Writer’s Block With Dervla McTiernan

SOPHIE GRENHAM talks to author DERVLA McTIERNAN about RELOCATING TO PERTH, IRISH AUTHORS on her reading list and ESCAPING TO WRITE

Photograph by Julia Dunin

Rousing new talent Dervla McTiernan’s debut novel The Rúin sparked such demand that it became the subject of a fierce international bidding war.

The first in a tantalising new crime series, Dervla’s work is tipped to quickly climb the ranks and join Ireland’s top names in the genre. While the glowing support keeps rolling in, Alex Gray has said, “There are not many books that will keep me reading from start to finish but The Rúin did just that…An excellent story, very well written.”

In the blood-curdling opening scene, we meet DS Cormac Reilly in his first week on the beat. As he gingerly navigates a case that will linger in his consciousness two decades later, the reader is thrown through the ringer in this unpredictable, complex drama.

Dervla McTiernan originally hails from Cork, where she was born into a family of seven. The clan later lived in Dublin, Limerick and Galway. Prior to catching the writing bug, she studied corporate law at the National University of Ireland in Galway and the Law Society of Ireland, before practicing in the field for twelve years. When the global financial crisis took hold, Dervla relocated her family to Western Australia, where she works for the Mental Health Commission.

Dervla McTiernan lives in Perth, Australia, with her husband and two children. She is currently working on her second novel.

The Rúin (€13.99) is published by Little, Brown and available now from bookshops nationwide.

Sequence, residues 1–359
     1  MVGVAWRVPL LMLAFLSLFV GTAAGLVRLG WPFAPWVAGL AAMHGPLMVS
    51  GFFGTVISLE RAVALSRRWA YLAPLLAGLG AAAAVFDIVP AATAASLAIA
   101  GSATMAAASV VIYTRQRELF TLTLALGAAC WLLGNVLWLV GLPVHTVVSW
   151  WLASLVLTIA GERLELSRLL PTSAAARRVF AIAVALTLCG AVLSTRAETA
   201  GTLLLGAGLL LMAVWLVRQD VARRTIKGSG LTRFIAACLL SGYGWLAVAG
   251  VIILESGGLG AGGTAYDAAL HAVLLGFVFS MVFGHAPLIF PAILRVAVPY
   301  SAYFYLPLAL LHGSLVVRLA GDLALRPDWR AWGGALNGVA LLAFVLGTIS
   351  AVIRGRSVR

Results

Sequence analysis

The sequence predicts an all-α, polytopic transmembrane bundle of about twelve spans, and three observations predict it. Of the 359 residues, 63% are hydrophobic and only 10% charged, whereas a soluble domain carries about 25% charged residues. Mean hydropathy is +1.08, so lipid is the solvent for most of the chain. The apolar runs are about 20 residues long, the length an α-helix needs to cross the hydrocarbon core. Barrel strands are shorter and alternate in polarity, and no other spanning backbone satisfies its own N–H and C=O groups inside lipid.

Dervla has two Irish book launches coming up:

Friday March 9 at 6.30pm – Dubray Books, Blackrock

Monday March 12 at 7pm – Longford Library

On home

We lived in a big country house in Roevehagh, near Clarinbridge in County Galway, before we moved to Australia in 2011. Roevehagh was our dream home…it was going to be our forever home, but things just didn’t work out that way.

I live in Yokine, a family-friendly, much overlooked little suburb about fifteen minutes from the city. We have the benefit of a beautiful park where off-lead dog walking is allowed. I walk our retriever there every morning at six a.m. and it’s always full of people. When time permits I walk the children to school across the same park. It’s so lovely, and so Australian to see them chasing along on their scooters, in their uniforms and school hats in the early morning sunshine. We live about ten minutes from the café strips at Mount Lawley and Mount Hawthorn, which is so nice, but my favourite café is our little local one on Blythe Avenue. It’s just changed hands and been renamed as Lot Six Zero, but the fundamentals that make it attractive haven’t changed – dog-friendly outside (is there a theme here?), great food and close to home.

Perth was a shock to the system in many ways. You expect the heat, but I didn’t expect how bright it would be. The intensity of that light all day every day was overwhelming for the first couple of years. Moving from a country house with a big garden to a little city house was a bit of a shock to the system too initially, and I did miss the space, as well as my early morning walks in the woods at Kilcornan. But the beaches here are spectacular – miles and miles of white sand, much of it all but deserted most of the time. It’s not hard to find space to be alone, to stretch out and think.

On childhood

We lived in Cork until I was about six, when we moved to Dublin, then later to Limerick and on to Galway. My Dad worked for Bank of Ireland, so moving a lot was part of the package. I have a handful of dim and distant memories of Cork. Our first pet, a big, friendly-clumsy yellow lab named Fionn. A vast front garden, which Dad would reluctantly mow every month or so. We’d all have to help to rake the loose grass into piles, which would generally be left there until it all blew away again. I distinctly remember learning to read. I used to beg for stories, from my parents, my older siblings, from whoever could spare me a few minutes. I was fairly relentless – Mum taught me to read before I started school, as a form of self-defense I think.

On creating